For a long time, my perspective on self-motivation didn’t include a firm concept of the second voice, the important one. Instead, I was pulled through project after project alongside my own harshest critic, who was always trying to prove something, and digging myself into a deep hole from which I lacked perspective on what it was I was actually doing. Easily, one forgets why it is they began whatever creative passions they may be starting a business to satisfy. Once you become a much more tyrannical employer than one you might meet in the outside workforce, the love of what it is you’re really doing suffers unjustly. Again and again I hear tales of those who try to professionally advance at something which was once a beloved hobby, who in time, learn rather than to succeed, only to hate that which they once so enjoyed. Money may be a killer of joy, but you can become immune to this disease if you refrain from being motivated by it.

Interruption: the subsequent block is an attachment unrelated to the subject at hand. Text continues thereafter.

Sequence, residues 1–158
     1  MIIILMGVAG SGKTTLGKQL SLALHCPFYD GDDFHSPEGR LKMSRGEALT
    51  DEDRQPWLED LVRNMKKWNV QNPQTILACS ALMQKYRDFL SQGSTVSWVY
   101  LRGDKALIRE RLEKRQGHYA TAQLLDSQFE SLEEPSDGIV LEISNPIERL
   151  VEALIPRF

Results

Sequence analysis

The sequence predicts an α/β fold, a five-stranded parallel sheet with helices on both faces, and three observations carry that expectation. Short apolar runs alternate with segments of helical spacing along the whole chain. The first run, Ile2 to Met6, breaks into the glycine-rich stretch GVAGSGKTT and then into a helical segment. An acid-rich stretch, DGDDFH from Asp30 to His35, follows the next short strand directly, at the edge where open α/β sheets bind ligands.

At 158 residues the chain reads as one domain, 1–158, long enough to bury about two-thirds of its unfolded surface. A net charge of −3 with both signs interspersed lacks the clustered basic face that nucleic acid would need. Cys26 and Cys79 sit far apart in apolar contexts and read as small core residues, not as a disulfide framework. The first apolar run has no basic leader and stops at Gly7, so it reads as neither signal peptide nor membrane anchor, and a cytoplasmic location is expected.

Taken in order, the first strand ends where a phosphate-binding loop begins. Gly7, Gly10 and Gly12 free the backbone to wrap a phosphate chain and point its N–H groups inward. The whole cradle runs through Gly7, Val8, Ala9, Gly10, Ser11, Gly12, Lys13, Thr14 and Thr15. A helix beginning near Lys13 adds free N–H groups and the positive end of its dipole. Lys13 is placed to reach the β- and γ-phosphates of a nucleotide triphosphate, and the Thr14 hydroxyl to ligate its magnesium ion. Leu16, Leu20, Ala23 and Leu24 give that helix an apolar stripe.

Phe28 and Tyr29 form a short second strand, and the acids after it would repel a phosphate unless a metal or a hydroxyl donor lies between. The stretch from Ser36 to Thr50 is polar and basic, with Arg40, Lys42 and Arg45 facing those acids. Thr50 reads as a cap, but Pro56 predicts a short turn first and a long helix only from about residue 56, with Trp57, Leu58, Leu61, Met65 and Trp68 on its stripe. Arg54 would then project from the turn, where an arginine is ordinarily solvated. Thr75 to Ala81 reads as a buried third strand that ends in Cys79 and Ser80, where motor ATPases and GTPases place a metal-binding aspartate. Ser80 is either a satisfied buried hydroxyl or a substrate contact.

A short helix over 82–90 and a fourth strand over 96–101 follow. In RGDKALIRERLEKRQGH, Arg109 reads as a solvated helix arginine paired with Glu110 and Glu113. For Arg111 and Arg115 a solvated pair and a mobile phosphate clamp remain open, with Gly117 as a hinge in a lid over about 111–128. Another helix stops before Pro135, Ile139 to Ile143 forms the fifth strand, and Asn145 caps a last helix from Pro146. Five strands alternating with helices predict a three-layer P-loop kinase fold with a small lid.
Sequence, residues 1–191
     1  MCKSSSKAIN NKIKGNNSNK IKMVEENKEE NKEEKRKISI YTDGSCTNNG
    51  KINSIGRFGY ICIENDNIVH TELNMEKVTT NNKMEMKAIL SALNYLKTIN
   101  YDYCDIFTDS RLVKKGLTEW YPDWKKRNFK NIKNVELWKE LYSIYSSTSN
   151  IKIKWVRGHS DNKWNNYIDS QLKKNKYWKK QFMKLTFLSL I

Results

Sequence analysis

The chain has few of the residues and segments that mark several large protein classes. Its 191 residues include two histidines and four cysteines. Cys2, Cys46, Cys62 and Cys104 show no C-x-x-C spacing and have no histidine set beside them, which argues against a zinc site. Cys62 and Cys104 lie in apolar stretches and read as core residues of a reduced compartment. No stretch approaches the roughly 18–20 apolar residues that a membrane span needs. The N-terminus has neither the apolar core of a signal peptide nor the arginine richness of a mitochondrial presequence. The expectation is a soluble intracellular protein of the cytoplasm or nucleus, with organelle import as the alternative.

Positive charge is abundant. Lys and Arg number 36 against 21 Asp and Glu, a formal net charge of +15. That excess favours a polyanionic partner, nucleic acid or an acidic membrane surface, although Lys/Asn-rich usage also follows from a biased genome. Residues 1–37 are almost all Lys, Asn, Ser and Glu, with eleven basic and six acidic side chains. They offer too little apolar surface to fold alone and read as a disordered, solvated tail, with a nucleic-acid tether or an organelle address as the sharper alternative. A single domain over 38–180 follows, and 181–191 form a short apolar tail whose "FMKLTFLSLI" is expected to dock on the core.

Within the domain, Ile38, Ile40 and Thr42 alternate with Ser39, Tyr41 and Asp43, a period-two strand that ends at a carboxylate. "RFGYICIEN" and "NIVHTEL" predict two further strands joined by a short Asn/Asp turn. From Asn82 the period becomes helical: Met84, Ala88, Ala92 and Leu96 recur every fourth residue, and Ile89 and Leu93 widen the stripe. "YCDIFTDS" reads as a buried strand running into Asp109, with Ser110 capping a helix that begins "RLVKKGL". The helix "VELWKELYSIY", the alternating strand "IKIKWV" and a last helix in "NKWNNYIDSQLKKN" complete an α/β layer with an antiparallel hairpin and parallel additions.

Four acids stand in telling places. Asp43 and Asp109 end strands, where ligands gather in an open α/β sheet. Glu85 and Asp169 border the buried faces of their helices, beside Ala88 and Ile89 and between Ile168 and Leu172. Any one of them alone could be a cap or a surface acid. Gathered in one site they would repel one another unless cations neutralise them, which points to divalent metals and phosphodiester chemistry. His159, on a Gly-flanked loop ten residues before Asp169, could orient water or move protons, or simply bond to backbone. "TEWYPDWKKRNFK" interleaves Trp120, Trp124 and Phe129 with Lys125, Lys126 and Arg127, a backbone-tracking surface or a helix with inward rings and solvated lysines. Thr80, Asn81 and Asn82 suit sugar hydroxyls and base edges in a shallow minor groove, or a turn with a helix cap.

Do not jump through uncomfortable hoops to “prove” you’re working hard enough. Do not do that thing you love because you’re getting paid to. Don’t work overtime because you think you have to. When you take care of your body, your heart, your mind, and leave yourself room to feel motivated by excitement, you will learn more, innovate more, and thrive. Let the money follow, do not allow it to lead. If you need to work two jobs – one for yourself, and one for income, do, but figure out how many hours you actually need at that for-rent job, and don’t let your energetic input surpass your actual needs because you’re trying to prove to yourself that you “work hard”. I have spent years unhappy because I afraid of being a “lazy person”.